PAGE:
As a blogger for over two years now, I know firsthand that creating a successful art blog has a lot more to do with planning and hard work than with being a great writer.
Of course, I’ve always enjoyed writing—a definite plus if you’re planning on starting your own art blog—but that isn’t enough by itself.
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In fact, I’d say that 90% of my success with EmptyEasel comes from following the 7 blogging strategies I’m going to share with you today. (The other 10% is probably a mixture of luck and search engine optimization.)
So whether you’re just now starting an art blog, or you’re simply looking around for ways to improve at blogging, here are my 7 strategies for building a successful blog:
1. Create an art blog that is NOT a “personal” blog
It’s very important that your art blog is not perceived as just a “journal” or some kind of diary of your life in general.
A few personal posts every once in a while are OK, but for the most part, people are searching the internet for very specific things—so keeping your blog from being a hodge-podge of material will encourage the right kind of readers to keep coming back.
I’d suggest having a ratio of 80/20 where (at most) only 20 percent of your posts are personal or off the topic of art, leaving the majority of your blog to be about your art, your process, or about art in general.
2. Treat your blogging time as business time
This means setting working hours for your blog (the exact amount needed will vary for each person) and giving yourself a “paycheck” of some kind for each blog post. . . in other words, reward yourself for posting.
I’ve also found that it helps to make sure your spouse, your kids, your friends, and anyone else important to you KNOWS that you’ll be blogging at a set time each day, and that it’s part of your marketing plan—not just a hobby.
Explaining this early on will help clear the way for uninterrupted blogging time.
3. Be a content creator, not a content recycler
You may be tempted to create a blog that just follows current art news or popular topics that other bloggers are writing about. Don’t do it. In the long run, this is a recipe for failure, and here’s why:
To begin with, there are always many, many bloggers doing this, so it’s tough to stand out. More importantly, while a few newsy, current blog posts are OK, you should always think of them as posts that expire in a month (or less).
If the post you’re writing seems as though no one will be interested in it a month from now, make sure to write a few timeless advice, entertainment, or resource posts to balance things out. . . those are the ones that will bring in visitors year after year.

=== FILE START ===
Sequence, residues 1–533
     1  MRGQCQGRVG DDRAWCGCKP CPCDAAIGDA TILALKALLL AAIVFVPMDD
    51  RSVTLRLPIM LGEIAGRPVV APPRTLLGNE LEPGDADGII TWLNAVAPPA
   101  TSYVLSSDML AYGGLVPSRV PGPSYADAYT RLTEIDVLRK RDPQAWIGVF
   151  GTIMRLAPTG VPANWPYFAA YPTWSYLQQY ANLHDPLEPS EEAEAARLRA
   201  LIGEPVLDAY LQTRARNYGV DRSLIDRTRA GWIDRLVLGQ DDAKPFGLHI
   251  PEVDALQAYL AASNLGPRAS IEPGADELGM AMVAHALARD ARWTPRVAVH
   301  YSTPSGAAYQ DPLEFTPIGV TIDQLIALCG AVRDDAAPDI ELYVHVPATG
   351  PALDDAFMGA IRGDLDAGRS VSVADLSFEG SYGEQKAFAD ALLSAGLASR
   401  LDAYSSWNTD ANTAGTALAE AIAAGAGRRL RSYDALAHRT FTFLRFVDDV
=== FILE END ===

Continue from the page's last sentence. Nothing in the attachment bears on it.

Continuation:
4. Keep a schedule of upcoming topics to write about
Having a schedule is great for both yourself AND your readers. Planning ahead will help you publish new posts on a regular basis and will keep others interested in returning to see IF and HOW you follow through on your plans.
This may be as simple as saying, “For the month of March, we’ll be looking at Degas’ work,” or as complex as a monthly schedule with specific titles and short excerpts from each future post so readers know exactly what’s coming. Either way can work.
5. Don’t just write about yourself and your artwork
If you’re publishing a new blog post every day, make sure that a couple of posts per week aren’t about you. One easy way to do this is to have a day where you praise other talented artists or art bloggers in your field.
The benefits to this approach are two-fold. First, a little variety is good for everyone—your regular readers will appreciate it, and visitors won’t think you’re self-obsessed. Second, saying nice things about other folks will result in many more links back to your own blog.
Sure, it may seem that by linking out to other websites you’re losing visitors, but it’s much more likely that folks will start viewing your blog as the go-to place for finding good stuff, whether it’s on your website or not.
7. Re-read and edit each post before you publish it
Before you hit the “publish” button, ask yourself a few questions:
Are you interested in the post you’ve just written? Does it fulfill a need? Is it inspiring, educational, or at least entertaining? If you answer “no” to any of those questions, don’t publish it—rewrite it!
Take another look. Are any sections confusing or ambiguous? Have you repeated yourself unnecessarily? Would your spelling or grammar get less than a “B” from your high-school english teacher? If you answer “yes” to any of those questions, spend 10 minutes cleaning up the post before publishing.
Every post on your blog has the potential to make a great first impression with a future art collector—that’s why it’s worth it to make each post as good as possible.
Good luck, and keep on blogging!
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